While Wendy has attended several of Nicole’s meets this season, including the Feb. 12 trip at Ohio State, she says she is truly looking forward to Saturday’s meet.

“I’m very thankful that the coaching staff, athletic department and the University understand how devastating this disease can be and acknowledge it throughout the year,” she said. “This is truly a great cause. Hopefully, the more that women are reminded to do their self-exams, more cases will be caught early and the need for severe treatment can be avoided. I also hope that meets like this spur people to make whatever donation they can to the essential research that is necessary to wipe out this disease once and for all.”

Above all else, Wendy cannot stress enough the importance of monthly self-exams.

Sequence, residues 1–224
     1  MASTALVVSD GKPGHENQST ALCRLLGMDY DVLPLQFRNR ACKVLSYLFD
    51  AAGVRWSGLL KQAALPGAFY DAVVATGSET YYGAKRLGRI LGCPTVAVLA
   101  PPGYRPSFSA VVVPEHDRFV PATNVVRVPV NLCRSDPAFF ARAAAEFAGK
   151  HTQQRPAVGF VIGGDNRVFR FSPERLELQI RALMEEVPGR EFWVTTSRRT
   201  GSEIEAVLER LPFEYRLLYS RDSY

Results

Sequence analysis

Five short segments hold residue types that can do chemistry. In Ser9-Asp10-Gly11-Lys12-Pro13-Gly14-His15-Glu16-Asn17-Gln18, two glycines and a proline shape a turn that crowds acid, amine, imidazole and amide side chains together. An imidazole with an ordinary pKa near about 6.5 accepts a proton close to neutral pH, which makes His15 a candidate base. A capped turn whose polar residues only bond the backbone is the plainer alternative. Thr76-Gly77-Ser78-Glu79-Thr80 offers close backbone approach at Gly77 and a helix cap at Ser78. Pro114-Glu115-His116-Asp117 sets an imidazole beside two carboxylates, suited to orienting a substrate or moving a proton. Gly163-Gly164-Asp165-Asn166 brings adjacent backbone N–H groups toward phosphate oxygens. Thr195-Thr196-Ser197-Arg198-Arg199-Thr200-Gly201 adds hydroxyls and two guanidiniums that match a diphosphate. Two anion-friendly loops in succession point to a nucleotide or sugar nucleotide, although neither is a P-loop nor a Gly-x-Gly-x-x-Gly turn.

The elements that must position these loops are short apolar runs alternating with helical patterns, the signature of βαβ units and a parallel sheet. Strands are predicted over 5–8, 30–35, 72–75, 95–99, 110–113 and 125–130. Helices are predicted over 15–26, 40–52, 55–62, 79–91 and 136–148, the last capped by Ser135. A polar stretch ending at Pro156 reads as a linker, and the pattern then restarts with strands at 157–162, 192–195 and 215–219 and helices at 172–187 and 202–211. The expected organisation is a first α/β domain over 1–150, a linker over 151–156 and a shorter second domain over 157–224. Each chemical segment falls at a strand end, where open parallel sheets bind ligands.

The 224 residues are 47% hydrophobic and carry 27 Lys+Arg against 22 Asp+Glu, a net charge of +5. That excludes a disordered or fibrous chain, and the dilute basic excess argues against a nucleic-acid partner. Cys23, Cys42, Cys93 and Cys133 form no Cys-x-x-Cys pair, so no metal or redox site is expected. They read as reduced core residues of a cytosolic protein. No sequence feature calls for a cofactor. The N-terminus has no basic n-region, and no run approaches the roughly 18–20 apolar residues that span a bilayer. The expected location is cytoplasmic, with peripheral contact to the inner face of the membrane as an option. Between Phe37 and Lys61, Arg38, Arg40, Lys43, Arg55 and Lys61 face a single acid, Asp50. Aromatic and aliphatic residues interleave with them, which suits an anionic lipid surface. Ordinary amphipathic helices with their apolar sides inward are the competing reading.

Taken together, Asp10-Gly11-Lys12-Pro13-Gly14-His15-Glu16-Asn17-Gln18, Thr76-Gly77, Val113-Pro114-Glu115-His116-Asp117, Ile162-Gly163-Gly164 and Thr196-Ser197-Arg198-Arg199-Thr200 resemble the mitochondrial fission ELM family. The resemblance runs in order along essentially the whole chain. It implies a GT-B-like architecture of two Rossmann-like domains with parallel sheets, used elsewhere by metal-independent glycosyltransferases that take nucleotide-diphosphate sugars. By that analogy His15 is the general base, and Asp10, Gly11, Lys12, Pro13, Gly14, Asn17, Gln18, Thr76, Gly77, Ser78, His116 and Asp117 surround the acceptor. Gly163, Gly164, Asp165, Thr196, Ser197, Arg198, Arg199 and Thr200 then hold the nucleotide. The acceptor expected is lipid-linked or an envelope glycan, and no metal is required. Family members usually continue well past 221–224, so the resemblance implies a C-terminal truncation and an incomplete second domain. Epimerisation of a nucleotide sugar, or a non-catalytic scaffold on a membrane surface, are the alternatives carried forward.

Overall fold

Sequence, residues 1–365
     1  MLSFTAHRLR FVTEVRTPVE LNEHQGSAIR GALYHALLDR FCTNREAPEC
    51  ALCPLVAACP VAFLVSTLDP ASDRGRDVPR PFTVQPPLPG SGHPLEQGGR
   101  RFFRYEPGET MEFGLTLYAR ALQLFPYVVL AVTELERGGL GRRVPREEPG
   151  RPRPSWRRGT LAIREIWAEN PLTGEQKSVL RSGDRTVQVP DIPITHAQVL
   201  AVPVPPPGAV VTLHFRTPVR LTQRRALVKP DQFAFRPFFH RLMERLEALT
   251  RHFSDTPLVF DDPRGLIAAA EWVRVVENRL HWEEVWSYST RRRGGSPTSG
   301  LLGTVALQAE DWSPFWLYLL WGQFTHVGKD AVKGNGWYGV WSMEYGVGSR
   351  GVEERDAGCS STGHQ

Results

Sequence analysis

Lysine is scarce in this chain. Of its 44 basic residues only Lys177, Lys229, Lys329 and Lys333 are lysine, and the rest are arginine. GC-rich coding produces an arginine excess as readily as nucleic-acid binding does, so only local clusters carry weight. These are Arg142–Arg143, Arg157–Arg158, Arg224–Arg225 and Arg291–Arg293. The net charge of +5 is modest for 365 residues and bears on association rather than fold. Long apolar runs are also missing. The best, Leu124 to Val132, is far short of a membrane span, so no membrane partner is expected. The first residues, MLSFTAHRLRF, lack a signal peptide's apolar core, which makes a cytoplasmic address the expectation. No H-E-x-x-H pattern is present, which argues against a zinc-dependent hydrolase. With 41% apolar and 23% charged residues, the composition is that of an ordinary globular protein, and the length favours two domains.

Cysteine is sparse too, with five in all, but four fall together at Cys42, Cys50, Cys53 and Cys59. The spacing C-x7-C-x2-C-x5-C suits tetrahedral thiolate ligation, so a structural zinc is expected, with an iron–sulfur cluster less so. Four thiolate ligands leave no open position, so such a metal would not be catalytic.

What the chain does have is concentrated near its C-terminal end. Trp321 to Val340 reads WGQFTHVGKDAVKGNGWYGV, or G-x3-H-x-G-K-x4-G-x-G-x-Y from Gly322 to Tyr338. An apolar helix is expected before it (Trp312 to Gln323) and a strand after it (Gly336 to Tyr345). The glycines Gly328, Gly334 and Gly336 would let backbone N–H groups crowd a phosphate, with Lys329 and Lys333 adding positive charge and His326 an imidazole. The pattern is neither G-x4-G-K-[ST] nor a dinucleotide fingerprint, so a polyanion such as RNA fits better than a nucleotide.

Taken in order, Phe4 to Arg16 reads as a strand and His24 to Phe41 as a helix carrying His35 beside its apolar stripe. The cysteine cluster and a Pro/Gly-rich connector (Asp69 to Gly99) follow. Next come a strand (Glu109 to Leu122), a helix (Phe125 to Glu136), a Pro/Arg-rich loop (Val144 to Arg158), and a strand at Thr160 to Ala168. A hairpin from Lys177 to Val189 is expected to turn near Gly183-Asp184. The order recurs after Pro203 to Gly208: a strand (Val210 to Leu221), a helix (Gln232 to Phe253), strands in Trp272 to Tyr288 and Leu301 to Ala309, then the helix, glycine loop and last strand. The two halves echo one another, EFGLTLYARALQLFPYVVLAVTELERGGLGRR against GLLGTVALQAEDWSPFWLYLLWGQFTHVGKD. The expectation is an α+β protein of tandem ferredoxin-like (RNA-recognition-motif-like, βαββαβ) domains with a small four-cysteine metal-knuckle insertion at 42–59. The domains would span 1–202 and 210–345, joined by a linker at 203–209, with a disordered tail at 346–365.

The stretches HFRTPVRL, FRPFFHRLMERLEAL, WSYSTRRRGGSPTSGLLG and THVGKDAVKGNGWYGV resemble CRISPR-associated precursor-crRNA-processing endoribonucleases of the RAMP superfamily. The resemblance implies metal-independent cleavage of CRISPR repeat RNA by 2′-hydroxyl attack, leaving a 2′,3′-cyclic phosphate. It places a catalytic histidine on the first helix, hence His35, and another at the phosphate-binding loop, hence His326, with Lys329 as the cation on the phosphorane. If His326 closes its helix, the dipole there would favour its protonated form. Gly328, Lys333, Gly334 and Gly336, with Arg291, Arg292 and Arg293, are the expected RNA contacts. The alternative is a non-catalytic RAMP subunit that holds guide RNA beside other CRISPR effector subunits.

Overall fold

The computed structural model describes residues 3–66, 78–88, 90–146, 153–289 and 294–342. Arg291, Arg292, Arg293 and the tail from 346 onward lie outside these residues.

“You must report any abnormality to your doctor,” she instructed. “Even though I had yearly mammograms, my disease developed and spread in the time between (appointments). My treatment so far has been chemotherapy, which has resulted in the tumors shrinking to the point where they are hard to detect. I will still have to have surgery and radiation.

“When I was first diagnosed, I was told that this was going to be a year-long process. This will probably be one of the longest years of my life.”

The year, though sprinkled with highlights, also has been long for Nicole, and while she believes the Mountaineers have the fight and determination to battle for a spot in the 2011 NCAA Championships, she is preparing for the months following the season’s end.

“I know there are more battles ahead,” she conceded. “I just want to take everything one day at a time and see where it goes.”

Just like the beam skill that always throws the fans for a loop, Nicole walks a thin line between holding on and falling apart. Yet, she is thankful for her many blessings and for her families, both in Michigan and Morgantown. She knows that she, her mom and her family will rise again.